Hot water bottles are great.  I didn't know there were metal ones!  I'd recommend going with one of those if you decide to try it.  The last hot water bottle I bought smelled so strongly of rubber that I had to hang it in a drafty porch for a couple YEARS before I didn't get a raging headache from the fumes.

I agree that another living body is the best bed warmer.  Luckily, my husband's body does the exact opposite of mine - by bedtime, he's burning off all his extra energy from the day and is way too hot.  I get to put my cold toes on him to cool him down.  So maybe you guys just need another partner - must be a hot sleeper
4 weeks ago
The powerhungry website has a few sandwich bread recipes.  I think they're all grain free, so maybe not what you had in mind, though.  I haven't actually tried any of her sandwich breads, but I've had good results from other recipes on her site and the sandwich breads have good comments from other people.  She often uses chickpea flour in them.  I don't have an oven, so my "bread" is pancakes and crepes, usually made with chickpea flour.  From how it behaves in pancakes, I could see it doing really well in bread.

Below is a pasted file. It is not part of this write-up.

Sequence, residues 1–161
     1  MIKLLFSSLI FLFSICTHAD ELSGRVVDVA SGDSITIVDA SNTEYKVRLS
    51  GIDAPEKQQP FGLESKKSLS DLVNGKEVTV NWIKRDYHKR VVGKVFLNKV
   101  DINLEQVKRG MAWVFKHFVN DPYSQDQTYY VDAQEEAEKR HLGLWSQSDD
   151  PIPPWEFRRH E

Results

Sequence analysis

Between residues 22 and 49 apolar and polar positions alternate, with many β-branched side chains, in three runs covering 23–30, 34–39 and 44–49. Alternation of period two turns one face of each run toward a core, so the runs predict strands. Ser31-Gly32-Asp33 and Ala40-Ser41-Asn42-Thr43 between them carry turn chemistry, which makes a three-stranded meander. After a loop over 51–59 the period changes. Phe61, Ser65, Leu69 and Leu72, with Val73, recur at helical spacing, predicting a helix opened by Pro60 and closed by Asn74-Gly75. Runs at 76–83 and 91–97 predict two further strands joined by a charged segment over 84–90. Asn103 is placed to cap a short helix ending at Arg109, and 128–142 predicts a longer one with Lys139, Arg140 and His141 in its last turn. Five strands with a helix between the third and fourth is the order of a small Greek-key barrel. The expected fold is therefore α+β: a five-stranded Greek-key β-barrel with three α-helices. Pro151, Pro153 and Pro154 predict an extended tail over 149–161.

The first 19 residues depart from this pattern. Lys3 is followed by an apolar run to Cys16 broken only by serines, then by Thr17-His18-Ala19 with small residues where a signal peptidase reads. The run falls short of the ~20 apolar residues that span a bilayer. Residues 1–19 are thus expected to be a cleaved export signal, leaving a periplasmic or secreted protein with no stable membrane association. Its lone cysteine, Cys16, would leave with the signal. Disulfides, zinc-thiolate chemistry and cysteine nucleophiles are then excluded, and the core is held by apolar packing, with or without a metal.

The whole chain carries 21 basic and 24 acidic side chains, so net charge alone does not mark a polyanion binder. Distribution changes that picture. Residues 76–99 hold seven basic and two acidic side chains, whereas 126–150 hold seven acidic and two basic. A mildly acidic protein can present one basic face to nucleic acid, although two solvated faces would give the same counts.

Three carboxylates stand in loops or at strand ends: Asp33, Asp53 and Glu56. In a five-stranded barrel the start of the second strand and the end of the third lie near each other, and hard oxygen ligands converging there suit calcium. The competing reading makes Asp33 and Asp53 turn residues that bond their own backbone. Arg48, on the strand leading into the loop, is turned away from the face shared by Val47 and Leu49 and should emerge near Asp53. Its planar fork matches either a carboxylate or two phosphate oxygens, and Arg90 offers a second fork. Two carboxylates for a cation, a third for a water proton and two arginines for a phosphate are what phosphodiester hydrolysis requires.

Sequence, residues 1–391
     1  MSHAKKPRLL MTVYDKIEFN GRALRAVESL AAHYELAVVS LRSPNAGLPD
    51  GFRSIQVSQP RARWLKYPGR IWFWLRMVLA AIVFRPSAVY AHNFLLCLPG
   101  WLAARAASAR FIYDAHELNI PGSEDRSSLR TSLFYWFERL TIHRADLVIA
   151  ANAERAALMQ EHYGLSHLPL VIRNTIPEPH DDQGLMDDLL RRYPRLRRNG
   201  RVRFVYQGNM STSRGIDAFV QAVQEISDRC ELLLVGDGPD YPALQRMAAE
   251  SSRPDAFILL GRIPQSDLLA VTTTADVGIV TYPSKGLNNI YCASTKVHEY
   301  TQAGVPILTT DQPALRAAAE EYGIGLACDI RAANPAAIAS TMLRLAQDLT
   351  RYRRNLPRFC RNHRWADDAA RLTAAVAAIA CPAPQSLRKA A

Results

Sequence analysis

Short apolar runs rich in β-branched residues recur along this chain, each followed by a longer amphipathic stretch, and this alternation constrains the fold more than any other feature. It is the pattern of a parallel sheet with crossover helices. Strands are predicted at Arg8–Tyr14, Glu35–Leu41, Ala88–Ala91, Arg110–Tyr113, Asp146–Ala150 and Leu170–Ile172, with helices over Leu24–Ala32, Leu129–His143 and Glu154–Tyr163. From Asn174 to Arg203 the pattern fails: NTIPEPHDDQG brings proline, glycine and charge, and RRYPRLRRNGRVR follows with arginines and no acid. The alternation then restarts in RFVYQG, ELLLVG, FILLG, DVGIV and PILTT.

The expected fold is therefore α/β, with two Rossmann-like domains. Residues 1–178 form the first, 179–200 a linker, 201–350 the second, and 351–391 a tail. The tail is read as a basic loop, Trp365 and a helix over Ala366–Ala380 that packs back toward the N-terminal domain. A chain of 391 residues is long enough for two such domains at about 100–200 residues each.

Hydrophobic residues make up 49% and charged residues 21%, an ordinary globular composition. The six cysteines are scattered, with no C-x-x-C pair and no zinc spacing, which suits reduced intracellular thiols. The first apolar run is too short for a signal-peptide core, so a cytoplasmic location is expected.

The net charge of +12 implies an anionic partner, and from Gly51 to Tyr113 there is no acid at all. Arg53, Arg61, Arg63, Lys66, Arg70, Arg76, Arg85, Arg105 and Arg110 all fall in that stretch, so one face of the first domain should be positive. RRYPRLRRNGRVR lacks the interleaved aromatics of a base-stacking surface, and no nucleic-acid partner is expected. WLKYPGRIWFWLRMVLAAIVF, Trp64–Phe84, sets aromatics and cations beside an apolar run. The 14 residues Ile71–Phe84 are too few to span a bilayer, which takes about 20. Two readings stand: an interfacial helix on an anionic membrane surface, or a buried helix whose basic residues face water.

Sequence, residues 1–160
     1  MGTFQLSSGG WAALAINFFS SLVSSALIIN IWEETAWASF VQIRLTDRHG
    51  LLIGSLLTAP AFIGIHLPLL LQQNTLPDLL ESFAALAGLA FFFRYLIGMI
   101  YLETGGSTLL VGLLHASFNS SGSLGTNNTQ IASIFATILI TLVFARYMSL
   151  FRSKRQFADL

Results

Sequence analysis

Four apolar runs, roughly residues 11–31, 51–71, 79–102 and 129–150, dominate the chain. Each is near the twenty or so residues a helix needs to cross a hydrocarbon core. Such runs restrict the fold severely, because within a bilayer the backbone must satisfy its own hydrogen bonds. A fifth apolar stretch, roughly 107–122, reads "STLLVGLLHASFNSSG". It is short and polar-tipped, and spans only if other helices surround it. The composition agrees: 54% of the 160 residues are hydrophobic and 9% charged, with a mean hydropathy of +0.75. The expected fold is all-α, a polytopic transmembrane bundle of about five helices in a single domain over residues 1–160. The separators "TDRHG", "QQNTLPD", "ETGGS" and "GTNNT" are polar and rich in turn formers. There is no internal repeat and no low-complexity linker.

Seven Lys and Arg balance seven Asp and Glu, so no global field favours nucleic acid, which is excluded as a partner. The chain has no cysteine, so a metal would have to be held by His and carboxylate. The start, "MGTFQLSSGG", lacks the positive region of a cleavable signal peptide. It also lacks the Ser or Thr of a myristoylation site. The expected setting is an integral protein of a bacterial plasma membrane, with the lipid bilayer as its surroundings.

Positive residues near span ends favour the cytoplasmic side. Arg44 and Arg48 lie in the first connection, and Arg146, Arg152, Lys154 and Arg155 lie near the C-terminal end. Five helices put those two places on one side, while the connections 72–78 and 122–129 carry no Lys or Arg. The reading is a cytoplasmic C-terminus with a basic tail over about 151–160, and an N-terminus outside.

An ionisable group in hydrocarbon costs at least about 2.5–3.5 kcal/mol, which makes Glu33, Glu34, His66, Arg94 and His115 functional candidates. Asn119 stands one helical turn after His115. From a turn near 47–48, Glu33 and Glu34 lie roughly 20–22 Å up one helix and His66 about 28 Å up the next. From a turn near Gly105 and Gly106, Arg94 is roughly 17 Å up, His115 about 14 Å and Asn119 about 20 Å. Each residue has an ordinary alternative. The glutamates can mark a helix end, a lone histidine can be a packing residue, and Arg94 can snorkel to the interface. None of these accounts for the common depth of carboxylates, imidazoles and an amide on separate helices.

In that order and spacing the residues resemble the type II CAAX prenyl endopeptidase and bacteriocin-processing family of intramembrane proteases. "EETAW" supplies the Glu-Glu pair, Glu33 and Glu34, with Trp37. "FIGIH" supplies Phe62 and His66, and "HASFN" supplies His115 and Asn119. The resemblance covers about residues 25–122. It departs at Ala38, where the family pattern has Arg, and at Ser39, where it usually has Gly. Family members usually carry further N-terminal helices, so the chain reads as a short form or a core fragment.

This is her kinda white bread recipe:


   1 and 1/2 cups (180 g) chickpea flour, sifted if lumpy
   1 and 1/4 cups (140 g) blanched almond flour
   1 tablespoon baking powder
   (optional/variable) 1/4 teaspoon fine sea salt
   1 and 3/4 cups (425 mL) water


   Preheat oven to 400F (200C). Spray or grease a 9×5-inch (22.5×12.5 cm) loaf pan.
   In a large bowl, whisk together the almond flour, chickpea flour, baking powder, and (optional) salt.
   Add the water, whisking until completley combined.  Immediately pour into prepared pan.
   Bake in the preheated oven for 40 to 45 minutes until golden brown and risen and a toothpick inserted near the center comes out with only moist crumbs attached.